25 - . as well as being the easiest and most reluctant group to participate in the study. 19-34: students from Växjö University. Consequently. as the majority were either friends or family. 19-34. convenience sampling is used to collect them (Neuman. and others from Båstad. and thus the questions can be divided into the following groups: consumer preferences. friends. there is a lack of a clear sampling strategy and the researcher decides which elements to study depending on the ease of access (Ritchie et al. When convenience sampling is utilized. The quotas that were chosen for this thesis were divided into three different age groups in accordance to Blackwell et al. as well as international brands would vary.3 Operational Measures of Theoretical Framework The questions in the questionnaire were based upon our theoretical framework. . 2003). ≥ 35: family.3. brand. we wanted to study whether age impacts the way in which consumers are open-minded to advertisement and whether there was a significant difference between the groups. Although we did not have a personal relationship with the majority of the youngest age group. These respondents were chosen as a result of easy access. 2003). When the researcher has decided upon which categories to use in the partition. (2001): ≤ 18. 3. advertisement. Karlskrona and Växjö. and ethnicity (Nardi. and finally others. Fifty respondents were chosen from each age group: • • • ≤ 18: the majority were seventh to ninth graders from Teleborg Centrum.METHODOLOGY This partition into different stratums can include different categories. who are at different stages in their lives. 2003). we still found it to be convenient and had easy access to them seeing as Teleborg Centrum is nearby. and ≥ 35. lifestyle. and the remaining were students from the upper secondary school Procivitas in Växjö. as well as the number of respondents to investigate. such as gender. age. sponsorship. The chosen groups represented a diverse set of people. and thus we believed their perception of international advertising campaigns and sponsorship activities. Växjö.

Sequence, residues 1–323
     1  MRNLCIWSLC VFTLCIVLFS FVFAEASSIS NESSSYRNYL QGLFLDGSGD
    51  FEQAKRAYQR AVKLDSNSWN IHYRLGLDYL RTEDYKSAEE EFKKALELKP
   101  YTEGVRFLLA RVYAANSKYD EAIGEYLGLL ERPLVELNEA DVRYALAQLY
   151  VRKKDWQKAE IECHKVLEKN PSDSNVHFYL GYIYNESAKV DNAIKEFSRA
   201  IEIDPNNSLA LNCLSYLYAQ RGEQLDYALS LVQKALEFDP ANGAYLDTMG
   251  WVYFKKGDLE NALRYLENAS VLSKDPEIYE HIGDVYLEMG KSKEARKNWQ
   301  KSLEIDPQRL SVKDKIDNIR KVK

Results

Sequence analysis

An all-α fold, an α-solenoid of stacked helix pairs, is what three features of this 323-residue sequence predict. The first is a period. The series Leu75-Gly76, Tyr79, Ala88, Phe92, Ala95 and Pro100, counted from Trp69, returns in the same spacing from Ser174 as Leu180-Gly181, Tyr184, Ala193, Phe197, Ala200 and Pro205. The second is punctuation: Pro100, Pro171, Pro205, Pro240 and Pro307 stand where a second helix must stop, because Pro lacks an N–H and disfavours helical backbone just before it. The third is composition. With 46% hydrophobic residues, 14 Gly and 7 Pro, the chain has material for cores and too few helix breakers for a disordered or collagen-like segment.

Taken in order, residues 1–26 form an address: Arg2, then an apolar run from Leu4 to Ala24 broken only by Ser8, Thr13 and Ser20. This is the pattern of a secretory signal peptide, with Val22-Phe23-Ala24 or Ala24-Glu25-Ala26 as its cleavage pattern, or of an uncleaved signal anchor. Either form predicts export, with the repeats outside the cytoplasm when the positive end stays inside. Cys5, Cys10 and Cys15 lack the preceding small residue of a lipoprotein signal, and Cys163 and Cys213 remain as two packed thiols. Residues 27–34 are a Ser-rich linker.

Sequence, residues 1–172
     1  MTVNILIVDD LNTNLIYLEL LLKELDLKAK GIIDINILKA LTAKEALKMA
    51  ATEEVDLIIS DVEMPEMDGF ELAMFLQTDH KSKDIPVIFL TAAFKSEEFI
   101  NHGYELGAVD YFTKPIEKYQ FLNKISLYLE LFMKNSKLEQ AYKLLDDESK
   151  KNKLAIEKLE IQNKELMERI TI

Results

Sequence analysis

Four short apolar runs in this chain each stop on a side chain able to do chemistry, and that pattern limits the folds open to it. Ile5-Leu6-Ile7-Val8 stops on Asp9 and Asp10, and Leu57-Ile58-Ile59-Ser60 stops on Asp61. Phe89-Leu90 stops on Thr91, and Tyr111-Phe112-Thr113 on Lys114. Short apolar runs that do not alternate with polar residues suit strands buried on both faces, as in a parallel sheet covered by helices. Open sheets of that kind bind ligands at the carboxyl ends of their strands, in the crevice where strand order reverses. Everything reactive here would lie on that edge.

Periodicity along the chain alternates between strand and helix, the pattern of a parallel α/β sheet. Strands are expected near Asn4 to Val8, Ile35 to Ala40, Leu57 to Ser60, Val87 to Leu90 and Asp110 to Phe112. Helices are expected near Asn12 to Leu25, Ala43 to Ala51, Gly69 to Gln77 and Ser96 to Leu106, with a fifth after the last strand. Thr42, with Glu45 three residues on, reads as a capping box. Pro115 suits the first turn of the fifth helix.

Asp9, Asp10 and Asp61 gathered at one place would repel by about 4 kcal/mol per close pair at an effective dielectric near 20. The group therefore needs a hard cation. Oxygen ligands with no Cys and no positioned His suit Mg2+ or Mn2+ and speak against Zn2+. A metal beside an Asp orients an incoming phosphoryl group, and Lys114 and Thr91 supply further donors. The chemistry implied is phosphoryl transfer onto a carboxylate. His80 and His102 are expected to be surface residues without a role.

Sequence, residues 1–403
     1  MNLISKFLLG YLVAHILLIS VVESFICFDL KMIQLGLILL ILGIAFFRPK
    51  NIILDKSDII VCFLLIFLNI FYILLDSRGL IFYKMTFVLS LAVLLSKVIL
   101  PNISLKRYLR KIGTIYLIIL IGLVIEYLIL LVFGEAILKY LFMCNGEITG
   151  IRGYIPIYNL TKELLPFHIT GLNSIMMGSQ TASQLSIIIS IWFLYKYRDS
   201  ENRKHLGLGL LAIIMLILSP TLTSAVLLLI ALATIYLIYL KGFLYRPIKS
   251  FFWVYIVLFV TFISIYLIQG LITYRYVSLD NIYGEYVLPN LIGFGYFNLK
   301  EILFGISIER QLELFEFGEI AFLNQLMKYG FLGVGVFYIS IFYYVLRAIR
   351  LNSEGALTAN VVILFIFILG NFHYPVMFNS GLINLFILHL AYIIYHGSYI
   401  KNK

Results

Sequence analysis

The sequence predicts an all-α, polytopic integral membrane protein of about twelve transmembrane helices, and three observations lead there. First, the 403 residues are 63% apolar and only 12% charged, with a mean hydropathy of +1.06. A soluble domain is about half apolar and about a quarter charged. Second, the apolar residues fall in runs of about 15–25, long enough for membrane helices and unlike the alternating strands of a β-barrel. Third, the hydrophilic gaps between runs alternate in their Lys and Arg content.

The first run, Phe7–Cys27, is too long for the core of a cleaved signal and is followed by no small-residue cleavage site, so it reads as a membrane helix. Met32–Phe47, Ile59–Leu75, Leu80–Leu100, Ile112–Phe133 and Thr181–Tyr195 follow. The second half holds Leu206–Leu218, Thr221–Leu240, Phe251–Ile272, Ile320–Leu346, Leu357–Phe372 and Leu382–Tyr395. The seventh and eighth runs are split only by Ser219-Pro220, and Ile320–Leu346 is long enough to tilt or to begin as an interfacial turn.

and thus it could be depicted whether brand equity. These questions were especially relevant concerning theory about brand positioning. These questions were of great relevance since it illustrated whether the respondents held favourable or non-favourable attitudes towards the brands. By finding out the way in which the respondents viewed the brands’ advertisement and if it affects their perception of the brands. indicating once again which of the two brands were preferred over the other. Questions 11 and 12 were specifically about the two brand’s logos and slogans. and if this differs from that of the brand. the questions provided us with insight into how familiar and open the respondents were of Coca-Cola’s and Pepsi’s advertising campaigns. the questions supplied us with information about the way in which the respondents perceive the two specific brands.METHODOLOGY Consumer preferences The questionnaire initiated with an introduction to the consumption of the cola drink and hence the questions were designed in such a way to give an overall view of the respondents’ relationship to cola as a soft drink. Moreover. and the extent in which advertisement influences consumers in their choice of products. as well as the associations that go with them. Moreover. These questions provide us with knowledge about the relationship between sponsorship and brand image. if it persuades the consumption of products. such as brand awareness and brand loyalty exist. Brand Questions 7 to 10 encompass the respondents’ viewpoints on Coca-Cola and Pepsi as a brand respectively. and provided us with knowledge about respondents’ attitudes towards advertisement in general. Sponsorship Questions 16 to 28 are in accordance to the theory regarding sponsorship. and whether it is successful to sponsor different events.26 - . we could detect if advertising campaigns are an effective marketing tool. Overall. moreover. we wanted to gain more knowledge about whether or not sponsorship affects one’s attitude towards the product in question. seeing as we wanted to find out the different perceptions of a brand to that of a competitor’s. . Advertisement Questions 13 to 15 are linked to the advertisement theory.